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Old June 11, 2006, 03:34 PM   #76
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One day, during squirrel season, I knew she was going grocery shopping. Silence of the squirrels.

P.S. OK, guys, I think LC has been adequately hazed/flamed at this point.
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Old June 11, 2006, 04:02 PM   #77
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Deleted. I'm folding on the conversation.
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Old June 11, 2006, 10:42 PM   #78
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First Freedom,
You call that hazing/flaming? You ought to go to a linux forum and go on about the benefits of windowsXP. Then, you'll see real hazing. Those people are, for the most part, extremely liberal, too.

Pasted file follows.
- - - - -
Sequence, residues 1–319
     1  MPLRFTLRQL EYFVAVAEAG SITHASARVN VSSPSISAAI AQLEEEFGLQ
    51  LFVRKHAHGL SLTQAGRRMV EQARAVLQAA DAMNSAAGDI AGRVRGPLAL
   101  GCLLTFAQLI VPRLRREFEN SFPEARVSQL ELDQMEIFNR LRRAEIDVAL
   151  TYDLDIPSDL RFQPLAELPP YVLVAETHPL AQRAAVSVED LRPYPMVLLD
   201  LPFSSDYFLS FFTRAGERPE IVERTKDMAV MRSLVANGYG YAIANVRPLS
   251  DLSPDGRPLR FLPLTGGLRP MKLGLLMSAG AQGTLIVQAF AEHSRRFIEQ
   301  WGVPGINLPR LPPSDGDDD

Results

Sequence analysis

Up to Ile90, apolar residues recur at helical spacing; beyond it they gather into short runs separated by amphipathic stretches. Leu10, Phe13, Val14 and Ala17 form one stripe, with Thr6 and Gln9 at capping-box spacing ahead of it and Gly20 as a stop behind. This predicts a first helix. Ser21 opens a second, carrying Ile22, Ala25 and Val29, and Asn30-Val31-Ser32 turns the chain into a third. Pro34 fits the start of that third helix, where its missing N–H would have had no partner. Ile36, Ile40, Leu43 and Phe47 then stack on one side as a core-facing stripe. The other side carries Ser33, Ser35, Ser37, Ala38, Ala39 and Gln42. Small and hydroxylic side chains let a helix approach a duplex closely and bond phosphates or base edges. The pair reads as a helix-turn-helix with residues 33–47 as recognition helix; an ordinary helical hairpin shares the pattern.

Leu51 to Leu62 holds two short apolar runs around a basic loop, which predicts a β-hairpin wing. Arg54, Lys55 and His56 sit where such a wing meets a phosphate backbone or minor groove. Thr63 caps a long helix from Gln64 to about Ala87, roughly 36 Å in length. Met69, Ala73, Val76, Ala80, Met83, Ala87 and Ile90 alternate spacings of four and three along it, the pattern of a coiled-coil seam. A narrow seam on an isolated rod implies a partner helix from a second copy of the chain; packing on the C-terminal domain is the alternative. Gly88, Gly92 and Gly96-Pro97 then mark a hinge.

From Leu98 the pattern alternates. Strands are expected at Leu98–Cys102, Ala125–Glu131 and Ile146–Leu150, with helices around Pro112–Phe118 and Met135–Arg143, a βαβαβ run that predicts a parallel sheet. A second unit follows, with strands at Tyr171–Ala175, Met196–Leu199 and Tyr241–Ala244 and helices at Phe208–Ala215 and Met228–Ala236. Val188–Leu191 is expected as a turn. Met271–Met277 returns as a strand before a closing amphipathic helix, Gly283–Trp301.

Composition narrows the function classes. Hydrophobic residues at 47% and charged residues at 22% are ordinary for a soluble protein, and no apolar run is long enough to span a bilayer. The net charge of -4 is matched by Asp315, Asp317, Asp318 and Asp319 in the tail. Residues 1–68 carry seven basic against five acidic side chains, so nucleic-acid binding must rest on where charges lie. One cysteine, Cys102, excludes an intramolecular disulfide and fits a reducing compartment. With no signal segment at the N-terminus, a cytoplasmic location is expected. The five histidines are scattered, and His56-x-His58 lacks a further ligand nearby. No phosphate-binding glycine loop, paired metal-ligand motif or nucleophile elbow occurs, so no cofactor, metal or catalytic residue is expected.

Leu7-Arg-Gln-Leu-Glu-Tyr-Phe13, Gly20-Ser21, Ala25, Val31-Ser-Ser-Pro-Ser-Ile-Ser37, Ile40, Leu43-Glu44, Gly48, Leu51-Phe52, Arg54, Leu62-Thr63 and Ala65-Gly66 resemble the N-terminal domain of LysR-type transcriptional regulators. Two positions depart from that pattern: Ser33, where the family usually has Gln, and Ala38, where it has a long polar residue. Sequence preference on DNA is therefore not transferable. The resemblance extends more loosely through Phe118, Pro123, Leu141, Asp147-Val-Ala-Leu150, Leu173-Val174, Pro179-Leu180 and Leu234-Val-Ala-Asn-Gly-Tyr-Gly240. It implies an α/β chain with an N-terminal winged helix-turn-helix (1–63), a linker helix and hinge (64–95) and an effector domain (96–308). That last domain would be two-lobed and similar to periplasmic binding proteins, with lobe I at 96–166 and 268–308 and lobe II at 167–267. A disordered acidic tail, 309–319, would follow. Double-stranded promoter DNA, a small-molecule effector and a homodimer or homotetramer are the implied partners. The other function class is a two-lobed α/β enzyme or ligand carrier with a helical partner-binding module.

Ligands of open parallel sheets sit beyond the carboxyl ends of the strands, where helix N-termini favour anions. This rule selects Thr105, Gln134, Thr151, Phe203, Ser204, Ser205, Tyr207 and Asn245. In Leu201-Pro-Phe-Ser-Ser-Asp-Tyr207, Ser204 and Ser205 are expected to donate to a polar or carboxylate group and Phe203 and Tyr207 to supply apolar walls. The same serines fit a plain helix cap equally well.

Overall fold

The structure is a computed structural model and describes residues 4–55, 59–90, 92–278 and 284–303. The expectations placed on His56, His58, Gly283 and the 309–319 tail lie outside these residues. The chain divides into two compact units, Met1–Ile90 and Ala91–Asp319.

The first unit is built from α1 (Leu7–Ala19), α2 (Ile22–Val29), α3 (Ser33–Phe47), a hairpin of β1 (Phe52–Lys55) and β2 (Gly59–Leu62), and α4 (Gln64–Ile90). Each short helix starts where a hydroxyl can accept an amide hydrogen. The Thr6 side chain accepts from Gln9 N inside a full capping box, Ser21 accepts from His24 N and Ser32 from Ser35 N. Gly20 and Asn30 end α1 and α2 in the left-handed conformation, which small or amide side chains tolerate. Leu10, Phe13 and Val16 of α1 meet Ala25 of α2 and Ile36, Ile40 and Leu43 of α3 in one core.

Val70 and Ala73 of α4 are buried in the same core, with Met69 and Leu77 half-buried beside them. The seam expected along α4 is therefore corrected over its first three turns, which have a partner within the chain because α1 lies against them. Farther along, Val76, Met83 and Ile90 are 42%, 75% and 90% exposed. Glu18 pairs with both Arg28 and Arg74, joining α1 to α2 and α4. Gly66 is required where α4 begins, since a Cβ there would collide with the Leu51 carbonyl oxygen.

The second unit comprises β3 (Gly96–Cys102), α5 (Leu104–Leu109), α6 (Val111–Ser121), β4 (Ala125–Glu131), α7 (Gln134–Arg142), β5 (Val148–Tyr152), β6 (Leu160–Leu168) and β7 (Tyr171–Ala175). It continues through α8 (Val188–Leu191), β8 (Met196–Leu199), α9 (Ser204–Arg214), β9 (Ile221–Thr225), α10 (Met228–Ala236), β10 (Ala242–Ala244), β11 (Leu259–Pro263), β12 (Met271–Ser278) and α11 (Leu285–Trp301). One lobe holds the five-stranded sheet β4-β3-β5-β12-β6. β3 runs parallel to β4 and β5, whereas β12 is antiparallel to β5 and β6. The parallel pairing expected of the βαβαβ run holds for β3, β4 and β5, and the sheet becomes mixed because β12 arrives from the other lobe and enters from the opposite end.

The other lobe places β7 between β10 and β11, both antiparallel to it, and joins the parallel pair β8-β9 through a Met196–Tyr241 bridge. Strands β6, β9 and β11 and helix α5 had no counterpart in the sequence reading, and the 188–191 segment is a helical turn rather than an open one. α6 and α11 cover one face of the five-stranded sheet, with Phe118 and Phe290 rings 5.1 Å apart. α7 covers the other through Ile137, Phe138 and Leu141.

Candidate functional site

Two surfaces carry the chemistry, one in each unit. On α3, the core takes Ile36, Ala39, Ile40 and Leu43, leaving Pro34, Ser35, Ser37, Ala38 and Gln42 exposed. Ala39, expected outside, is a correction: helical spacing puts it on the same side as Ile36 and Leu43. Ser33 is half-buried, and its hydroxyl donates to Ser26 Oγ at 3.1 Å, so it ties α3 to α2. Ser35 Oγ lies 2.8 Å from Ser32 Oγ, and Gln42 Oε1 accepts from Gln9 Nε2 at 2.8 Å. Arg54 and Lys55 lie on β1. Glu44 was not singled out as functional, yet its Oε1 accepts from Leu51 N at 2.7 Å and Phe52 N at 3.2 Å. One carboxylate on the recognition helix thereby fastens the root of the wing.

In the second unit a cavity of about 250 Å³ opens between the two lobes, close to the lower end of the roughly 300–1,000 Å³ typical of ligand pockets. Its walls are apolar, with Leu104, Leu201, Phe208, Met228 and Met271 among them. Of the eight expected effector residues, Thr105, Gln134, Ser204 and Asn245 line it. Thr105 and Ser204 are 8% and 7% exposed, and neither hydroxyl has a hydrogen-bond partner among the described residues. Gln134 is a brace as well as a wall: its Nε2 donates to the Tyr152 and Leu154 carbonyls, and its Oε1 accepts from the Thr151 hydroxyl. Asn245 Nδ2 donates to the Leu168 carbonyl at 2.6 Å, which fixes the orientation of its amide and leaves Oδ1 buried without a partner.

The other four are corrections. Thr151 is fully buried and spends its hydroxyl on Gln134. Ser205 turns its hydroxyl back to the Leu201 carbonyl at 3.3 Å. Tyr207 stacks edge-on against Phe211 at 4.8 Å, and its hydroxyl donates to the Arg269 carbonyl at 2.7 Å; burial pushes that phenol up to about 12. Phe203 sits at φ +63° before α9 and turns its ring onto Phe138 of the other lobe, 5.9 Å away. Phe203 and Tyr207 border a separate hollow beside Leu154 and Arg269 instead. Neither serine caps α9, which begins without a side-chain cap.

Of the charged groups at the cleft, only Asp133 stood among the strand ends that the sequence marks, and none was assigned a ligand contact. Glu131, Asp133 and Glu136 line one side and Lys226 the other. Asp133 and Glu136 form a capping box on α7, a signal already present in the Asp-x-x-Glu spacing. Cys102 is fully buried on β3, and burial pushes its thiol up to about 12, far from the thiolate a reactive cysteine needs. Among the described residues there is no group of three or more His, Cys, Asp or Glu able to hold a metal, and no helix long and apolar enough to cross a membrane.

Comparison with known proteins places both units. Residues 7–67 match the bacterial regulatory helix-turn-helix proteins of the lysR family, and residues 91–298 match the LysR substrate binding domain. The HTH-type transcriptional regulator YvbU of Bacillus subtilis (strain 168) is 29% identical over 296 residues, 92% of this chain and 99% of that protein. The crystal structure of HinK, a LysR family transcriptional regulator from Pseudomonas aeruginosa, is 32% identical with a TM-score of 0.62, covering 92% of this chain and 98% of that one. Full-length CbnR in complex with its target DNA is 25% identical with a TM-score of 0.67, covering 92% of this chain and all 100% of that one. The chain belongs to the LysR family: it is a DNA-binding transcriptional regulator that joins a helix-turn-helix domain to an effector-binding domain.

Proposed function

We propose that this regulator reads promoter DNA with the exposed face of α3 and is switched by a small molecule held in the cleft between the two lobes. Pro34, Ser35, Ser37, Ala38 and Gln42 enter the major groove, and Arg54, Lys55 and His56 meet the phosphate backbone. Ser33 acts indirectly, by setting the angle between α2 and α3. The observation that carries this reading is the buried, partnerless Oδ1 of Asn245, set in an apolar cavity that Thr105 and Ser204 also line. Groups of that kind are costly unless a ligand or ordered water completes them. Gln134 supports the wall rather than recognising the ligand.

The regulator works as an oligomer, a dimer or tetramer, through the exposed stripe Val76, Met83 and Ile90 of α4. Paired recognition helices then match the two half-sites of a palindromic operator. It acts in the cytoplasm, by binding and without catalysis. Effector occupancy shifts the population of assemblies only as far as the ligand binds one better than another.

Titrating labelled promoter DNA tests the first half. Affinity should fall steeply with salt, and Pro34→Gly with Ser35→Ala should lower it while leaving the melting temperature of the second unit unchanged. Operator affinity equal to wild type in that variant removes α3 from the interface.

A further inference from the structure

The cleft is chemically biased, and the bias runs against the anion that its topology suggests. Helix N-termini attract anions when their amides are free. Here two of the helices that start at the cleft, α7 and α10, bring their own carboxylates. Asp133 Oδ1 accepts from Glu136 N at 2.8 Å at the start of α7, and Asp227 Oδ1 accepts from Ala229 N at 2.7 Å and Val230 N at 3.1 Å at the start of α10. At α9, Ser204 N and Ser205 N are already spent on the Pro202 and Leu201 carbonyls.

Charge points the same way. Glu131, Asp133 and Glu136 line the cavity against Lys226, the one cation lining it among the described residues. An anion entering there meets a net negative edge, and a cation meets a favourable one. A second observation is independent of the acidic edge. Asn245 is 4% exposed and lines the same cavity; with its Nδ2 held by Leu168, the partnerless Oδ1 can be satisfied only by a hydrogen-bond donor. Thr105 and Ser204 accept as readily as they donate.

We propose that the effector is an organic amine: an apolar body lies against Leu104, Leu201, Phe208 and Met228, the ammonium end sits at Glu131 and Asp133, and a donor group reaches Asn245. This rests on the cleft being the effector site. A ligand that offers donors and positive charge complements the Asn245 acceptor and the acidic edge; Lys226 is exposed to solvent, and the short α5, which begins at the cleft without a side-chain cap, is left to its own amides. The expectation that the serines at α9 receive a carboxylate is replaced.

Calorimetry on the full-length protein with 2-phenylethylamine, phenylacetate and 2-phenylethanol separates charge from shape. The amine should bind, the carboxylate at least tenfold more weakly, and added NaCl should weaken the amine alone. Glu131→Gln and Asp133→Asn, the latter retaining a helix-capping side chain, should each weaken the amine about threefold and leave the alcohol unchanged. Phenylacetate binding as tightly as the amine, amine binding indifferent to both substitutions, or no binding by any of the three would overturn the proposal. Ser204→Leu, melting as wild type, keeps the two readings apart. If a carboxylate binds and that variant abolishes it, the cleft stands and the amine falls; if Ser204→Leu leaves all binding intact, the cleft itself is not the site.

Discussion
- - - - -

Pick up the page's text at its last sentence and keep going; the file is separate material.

We have pecan trees in my yard. Every 2 years, the pecans drop and we end up with a rat problem. Instead of using poison, like most of liberal suburbia would, I sit out back with a .22 revolver and cb's. I enjoy blowing their nasty little heads off and they don't go out and poison poor little coyotes like the one in NYC, or hawks or owls or bald eagles, etc.... Obviously, I don't eat rat . Is this unethical? Why, because it's a rat?? Or because I enjoy it? Rats are pretty smart. After you pop a couple, the rest will look at where you were sitting before coming out. Kind of like squirrels, but smaller. I hear it tastes like chicken but there are some places I just won't eat at.